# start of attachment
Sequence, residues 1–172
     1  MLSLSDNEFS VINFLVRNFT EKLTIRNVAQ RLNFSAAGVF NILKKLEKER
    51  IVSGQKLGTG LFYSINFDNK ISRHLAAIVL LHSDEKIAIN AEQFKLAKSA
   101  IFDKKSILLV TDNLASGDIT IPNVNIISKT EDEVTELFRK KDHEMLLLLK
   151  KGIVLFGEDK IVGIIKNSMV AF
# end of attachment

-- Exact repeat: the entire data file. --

Sequence, residues 1–172
     1  MLSLSDNEFS VINFLVRNFT EKLTIRNVAQ RLNFSAAGVF NILKKLEKER
    51  IVSGQKLGTG LFYSINFDNK ISRHLAAIVL LHSDEKIAIN AEQFKLAKSA
   101  IFDKKSILLV TDNLASGDIT IPNVNIISKT EDEVTELFRK KDHEMLLLLK
   151  KGIVLFGEDK IVGIIKNSMV AF